by James A. Martin

Free iOS App Lets You Easily View a Variety of File Formats

Sep 09, 20133 mins
iOSiPhoneMobile Apps

The free doctape Viewer iOS app lets you open more than 80 different file types using an iPhone, iPad, or iPod touch. The app is very useful, but blogger James A. Martin found a few drawbacks.

Doctape Viewer, a new, free iOS app, lets you view roughly 80 different file types with a single program. That’s the most comprehensive file support of any iOS app available today, according to doctape’s developers.

Say a colleague emails you a Photoshop file, but you only have your iPhone, and the iPhone doesn’t support Photoshop-file viewing. Doctape Viewer‘s cloud-based file conversion engine lets you open the file while on the go. If you have a doctape cloud-storage account (you get 5GB free), the app automatically uploads the file to your account so you can view it on your iOS device.

After looking at the file, you have several options. You can print the file, if you have an AirPrint-compatible printer nearby. Or, after converting the file to the JPEG format, you can share it using the iPhone’s Mail app, Twitter or Facebook; assign the image to a contact; save it to your Camera Roll; or open the app in Dropbox, SkyDrive, iPhoto or any other compatible iOS app installed on your device. You can also keep the file in its .psd Photoshop file format, but the sharing options are more limited.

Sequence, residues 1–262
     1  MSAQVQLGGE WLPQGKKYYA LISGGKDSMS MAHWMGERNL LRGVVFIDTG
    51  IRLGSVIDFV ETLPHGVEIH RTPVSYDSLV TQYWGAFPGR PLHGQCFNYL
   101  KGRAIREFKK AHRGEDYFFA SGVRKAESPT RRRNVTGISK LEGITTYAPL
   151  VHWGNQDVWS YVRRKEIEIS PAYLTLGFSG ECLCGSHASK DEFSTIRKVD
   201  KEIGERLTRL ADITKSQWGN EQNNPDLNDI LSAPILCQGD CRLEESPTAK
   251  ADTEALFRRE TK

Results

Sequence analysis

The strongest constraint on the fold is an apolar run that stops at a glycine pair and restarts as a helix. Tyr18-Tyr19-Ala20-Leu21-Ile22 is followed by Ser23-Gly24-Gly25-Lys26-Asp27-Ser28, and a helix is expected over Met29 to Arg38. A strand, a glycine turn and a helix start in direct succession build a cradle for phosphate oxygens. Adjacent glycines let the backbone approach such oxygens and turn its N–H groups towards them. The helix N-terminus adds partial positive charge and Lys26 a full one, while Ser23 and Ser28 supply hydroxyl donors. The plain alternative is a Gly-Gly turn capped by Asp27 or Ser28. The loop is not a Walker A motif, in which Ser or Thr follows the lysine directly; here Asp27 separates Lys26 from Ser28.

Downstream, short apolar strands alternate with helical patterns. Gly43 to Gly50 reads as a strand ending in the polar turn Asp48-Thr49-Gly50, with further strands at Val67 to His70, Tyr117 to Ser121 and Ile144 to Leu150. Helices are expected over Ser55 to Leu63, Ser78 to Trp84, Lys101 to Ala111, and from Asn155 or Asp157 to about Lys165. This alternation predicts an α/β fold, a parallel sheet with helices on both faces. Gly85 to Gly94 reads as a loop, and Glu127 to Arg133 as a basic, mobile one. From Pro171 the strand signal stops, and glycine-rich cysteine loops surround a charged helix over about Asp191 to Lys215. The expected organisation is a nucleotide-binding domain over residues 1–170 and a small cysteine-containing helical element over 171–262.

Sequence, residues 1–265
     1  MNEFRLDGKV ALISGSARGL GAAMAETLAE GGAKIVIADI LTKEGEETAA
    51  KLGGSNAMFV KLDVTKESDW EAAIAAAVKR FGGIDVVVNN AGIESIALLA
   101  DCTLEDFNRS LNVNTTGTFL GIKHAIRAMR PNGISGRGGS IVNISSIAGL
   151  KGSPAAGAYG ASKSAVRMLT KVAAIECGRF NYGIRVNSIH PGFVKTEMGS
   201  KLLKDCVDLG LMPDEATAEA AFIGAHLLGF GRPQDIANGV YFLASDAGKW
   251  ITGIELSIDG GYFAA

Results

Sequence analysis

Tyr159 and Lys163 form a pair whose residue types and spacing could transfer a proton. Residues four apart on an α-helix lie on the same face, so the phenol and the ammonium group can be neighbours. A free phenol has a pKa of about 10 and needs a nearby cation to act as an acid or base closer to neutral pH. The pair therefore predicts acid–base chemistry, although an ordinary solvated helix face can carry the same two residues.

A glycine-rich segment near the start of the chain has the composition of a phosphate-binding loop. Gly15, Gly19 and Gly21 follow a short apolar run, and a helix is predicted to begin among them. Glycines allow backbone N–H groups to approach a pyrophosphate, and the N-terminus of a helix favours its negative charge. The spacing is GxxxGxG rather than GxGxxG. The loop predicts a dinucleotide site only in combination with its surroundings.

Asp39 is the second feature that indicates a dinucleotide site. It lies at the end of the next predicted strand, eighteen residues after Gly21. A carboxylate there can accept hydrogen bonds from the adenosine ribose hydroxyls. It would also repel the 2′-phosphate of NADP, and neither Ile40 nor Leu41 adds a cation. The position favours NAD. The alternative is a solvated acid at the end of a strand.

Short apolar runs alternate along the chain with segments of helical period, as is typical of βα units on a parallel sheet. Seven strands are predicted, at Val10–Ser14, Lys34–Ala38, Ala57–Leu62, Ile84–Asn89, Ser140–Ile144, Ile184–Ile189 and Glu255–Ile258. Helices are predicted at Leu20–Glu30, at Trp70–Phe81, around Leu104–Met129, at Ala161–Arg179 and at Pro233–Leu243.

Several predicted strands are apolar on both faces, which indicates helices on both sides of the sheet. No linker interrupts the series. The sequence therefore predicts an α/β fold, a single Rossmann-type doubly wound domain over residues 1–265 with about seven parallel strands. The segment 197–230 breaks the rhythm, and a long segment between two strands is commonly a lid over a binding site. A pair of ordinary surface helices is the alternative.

Let’s compare doctape and Dropbox, the popular cloud-storage syncing service that gives you 2GB of free storage. The free Dropbox iOS app lets you upload and then view Photoshop files on your iOS device, too. Dropbox offers several sharing options, but not as many as doctape Viewer. Dropbox lets you share files via email, text message, Facebook message, Facebook status update or Twitter, and you can copy links to the file to your clipboard.

Supported doctape Viewer filetypes include plenty of audio (MP3, M4A, AACF, AIFF, WAV, ALAC ) and video (MP4, MOV, MPV, M4V, 3GP) formats; lots of image and vector files, such as Adobe Illustrator (AI); and some additional file formats.

I do have a few minor issues with doctape Viewer, though. For example, its online help page doesn’t offer much information about security. This is the only related information I found:

“While we’re using Amazon’s S3 storage service in Ireland (Europe) to store all the data in the background, all your files are encrypted with dedicated keys stored separately and safely on our servers in Germany.”

More technical details would be appreciated.

The free app also only lets you convert two files per day for viewing.  Upgrading to the pro version for $1 gets you unlimited conversions. One dollar isn’t a large fee, but most of doctape’s competitors don’t charge.

Doctape Viewer is also only optimized for iPhone and iPod touch screens, though it still works on iPad. There’s currently no Android version. And the tutorial and online help page could provide better information on how to use the app.

Dropbox aside, other iOS file-viewer apps worth looking into include FileApp and Documents by Readdle, both of which are free and optimized for iPhones and iPads. On Android, I’ve had success with Docs Viewer, a free app that lets you open and view non-native file formats, including Photoshop files, by speedily uploading those files to your Google Drive account.